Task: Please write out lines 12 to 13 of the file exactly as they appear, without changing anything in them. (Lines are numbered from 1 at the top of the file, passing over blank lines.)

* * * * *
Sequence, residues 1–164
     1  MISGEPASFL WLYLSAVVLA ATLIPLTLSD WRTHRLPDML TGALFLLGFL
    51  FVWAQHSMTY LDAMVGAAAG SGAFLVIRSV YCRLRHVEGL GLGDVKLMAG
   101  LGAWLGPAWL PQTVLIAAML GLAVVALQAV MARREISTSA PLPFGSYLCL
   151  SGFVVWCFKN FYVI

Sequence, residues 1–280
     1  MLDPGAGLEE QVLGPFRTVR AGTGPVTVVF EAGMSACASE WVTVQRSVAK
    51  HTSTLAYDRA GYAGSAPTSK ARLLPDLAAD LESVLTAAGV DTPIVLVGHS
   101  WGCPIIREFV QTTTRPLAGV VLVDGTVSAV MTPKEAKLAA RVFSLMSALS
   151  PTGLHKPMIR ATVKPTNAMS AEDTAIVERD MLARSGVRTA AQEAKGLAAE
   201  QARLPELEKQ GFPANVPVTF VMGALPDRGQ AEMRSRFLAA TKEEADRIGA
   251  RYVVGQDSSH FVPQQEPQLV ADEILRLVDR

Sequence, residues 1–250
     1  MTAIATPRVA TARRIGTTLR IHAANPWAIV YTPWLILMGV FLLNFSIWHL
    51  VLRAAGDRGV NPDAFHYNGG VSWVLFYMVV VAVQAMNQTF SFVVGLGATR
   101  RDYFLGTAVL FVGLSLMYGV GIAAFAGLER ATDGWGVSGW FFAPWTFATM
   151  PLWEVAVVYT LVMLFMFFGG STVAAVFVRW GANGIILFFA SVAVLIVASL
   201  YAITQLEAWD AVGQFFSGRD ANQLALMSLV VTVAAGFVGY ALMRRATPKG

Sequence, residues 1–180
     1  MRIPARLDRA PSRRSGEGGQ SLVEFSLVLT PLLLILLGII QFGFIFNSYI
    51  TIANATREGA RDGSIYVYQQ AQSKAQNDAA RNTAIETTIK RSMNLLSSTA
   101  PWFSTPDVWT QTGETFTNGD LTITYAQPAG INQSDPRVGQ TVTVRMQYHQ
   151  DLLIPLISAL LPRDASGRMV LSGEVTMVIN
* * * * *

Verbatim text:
   251  RYVVGQDSSH FVPQQEPQLV ADEILRLVDR

Sequence, residues 1–250